I’m concerned about some of the posts I’ve been seeing over on LE in the past few weeks. I’ve been hoping that “someone” would step in and correct some of the mis-information that is being spread, but evidently he doesn’t care enough to bother.
First of all are the CFM units per square foot to use. I’ve been seeing a lot of “under and over” the recommended fan sizing. For the record, the recommendation is this: use 125 CFM per square foot of hood area.
Next, I see a disturbing trend towards using a fan that has as much as 50% more CFMs than the design calls for. I understand that some folks are trying to get in on a good deal (and heck, who wants to pass up a discount, right?), but even 25% over design spec is moving far too much air. There’s one person who has a 5 square foot hood area (design spec is 625 CFM) and is using an 800 CFM fan (22% more air than needed).
The design specs do have some “flexibility” built into them, and I it is good to go slightly higher, maybe by 10% (so the 625 CFM spec could use a fan that draws 690 CFM), but usually not much more than that. I also understand that there is a limited choice in available fans. HOWEVER, the higher the CFM you use, the more fresh air you will need. Many people are already complaining about the cold air in winter and hot air in the summer, so why even go there?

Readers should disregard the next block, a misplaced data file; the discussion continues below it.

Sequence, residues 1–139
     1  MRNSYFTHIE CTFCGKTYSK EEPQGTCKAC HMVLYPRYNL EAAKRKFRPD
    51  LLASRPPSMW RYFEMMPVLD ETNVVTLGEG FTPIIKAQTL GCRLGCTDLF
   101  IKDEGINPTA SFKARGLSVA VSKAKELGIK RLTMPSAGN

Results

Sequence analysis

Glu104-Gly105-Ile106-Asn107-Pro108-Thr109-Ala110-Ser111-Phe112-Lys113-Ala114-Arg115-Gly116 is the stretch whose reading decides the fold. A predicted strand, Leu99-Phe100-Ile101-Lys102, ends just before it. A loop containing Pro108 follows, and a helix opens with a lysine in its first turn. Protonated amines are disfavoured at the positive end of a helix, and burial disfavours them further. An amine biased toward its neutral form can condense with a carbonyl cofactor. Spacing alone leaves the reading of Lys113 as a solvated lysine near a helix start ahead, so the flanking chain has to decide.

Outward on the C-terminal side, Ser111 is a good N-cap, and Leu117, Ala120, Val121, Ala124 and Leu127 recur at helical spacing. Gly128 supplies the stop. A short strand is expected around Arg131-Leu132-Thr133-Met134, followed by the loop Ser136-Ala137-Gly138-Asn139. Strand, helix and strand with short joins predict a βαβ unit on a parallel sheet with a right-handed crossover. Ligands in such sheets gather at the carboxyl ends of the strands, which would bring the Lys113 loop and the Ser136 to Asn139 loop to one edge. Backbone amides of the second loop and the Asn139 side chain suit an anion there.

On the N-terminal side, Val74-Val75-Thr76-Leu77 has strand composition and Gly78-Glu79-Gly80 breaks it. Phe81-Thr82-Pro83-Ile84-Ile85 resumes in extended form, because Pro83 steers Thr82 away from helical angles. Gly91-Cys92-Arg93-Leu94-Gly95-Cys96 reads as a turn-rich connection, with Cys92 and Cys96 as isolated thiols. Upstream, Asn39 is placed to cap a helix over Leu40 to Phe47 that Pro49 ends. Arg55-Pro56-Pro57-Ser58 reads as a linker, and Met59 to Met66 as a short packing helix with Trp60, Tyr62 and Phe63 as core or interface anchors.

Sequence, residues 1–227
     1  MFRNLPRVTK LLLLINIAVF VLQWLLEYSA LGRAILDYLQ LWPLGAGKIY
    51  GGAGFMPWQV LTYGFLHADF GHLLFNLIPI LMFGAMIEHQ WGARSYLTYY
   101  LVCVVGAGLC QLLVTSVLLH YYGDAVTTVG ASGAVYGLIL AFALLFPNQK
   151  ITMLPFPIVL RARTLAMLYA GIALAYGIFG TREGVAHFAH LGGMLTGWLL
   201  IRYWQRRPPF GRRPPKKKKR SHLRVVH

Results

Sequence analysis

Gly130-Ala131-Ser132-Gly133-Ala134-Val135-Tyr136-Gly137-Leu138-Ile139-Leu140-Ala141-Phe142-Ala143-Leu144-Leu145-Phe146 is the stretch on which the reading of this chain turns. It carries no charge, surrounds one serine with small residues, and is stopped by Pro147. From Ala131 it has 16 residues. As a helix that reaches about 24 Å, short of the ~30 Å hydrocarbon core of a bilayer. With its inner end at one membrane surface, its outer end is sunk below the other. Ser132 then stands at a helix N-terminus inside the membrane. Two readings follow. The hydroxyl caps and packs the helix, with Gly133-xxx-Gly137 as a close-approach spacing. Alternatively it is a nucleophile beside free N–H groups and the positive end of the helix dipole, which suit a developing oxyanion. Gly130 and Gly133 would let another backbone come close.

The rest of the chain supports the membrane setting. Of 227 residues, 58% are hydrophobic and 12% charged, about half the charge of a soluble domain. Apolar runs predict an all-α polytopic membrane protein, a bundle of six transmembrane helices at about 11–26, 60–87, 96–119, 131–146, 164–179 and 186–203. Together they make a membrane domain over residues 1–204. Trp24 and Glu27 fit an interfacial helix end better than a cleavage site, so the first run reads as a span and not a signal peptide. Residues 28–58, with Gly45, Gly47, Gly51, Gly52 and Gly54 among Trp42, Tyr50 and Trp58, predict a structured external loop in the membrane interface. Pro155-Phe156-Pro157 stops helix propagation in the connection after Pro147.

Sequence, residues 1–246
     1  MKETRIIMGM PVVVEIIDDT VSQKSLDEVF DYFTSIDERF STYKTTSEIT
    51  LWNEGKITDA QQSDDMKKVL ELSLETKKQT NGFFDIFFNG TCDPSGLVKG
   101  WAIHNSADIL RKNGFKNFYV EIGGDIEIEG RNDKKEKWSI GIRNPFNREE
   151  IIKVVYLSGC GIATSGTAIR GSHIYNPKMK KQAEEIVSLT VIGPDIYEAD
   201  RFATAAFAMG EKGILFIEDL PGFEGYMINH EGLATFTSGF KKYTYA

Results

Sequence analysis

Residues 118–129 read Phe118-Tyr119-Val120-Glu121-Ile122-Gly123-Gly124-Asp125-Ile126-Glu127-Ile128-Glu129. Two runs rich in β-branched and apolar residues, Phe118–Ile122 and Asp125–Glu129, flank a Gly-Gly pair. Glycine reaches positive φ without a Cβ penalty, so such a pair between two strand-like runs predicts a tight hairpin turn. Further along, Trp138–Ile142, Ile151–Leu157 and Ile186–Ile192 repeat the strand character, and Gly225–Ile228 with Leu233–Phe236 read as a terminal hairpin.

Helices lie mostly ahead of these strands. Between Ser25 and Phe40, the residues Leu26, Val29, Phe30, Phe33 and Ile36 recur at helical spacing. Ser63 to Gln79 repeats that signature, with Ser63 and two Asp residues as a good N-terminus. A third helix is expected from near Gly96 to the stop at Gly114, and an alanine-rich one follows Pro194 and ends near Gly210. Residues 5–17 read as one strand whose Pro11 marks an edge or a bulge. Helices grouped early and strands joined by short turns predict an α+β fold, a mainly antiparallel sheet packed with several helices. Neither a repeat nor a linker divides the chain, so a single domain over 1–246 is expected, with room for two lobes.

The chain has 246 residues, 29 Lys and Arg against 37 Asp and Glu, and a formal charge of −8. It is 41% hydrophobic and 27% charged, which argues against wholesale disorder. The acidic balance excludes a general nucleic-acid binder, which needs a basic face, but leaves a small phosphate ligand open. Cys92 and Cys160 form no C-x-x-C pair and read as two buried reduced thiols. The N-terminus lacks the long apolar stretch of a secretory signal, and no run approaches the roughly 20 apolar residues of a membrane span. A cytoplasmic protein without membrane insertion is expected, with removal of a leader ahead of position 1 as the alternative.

If you follow the proper method of designing your ventilation system: figure out what size hood you want, then find the fan based on the hood size. Estimate your ducting requirements and do the calculations and see if the fan you selected can handle the static pressure requirements of your system.
Don’t buy a fan just because someone else is using the same fan! Their ventilation system most likely isn’t anything like yours, so why buy the same fan? And along those same lines, don’t buy a fan if the manufacturer cannot provide static pressure numbers for the fan. This is the fastest way to burn out a fan I’ve ever seen.
Just because a fan is being used as a hydroponic ventilation system does not mean that it will work for glassworking ventilation. The two are not equivalent systems.